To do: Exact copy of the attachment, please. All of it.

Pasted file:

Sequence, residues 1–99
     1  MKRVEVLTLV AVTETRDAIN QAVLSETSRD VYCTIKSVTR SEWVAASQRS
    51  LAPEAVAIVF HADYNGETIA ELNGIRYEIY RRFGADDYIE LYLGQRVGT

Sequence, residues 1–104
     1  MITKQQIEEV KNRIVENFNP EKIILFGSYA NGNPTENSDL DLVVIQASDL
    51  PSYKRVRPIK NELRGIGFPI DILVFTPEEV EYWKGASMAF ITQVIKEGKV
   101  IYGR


Sequence, residues 1–99
     1  MKRVEVLTLV AVTETRDAIN QAVLSETSRD VYCTIKSVTR SEWVAASQRS
    51  LAPEAVAIVF HADYNGETIA ELNGIRYEIY RRFGADDYIE LYLGQRVGT

Sequence, residues 1–104
     1  MITKQQIEEV KNRIVENFNP EKIILFGSYA NGNPTENSDL DLVVIQASDL
    51  PSYKRVRPIK NELRGIGFPI DILVFTPEEV EYWKGASMAF ITQVIKEGKV
   101  IYGR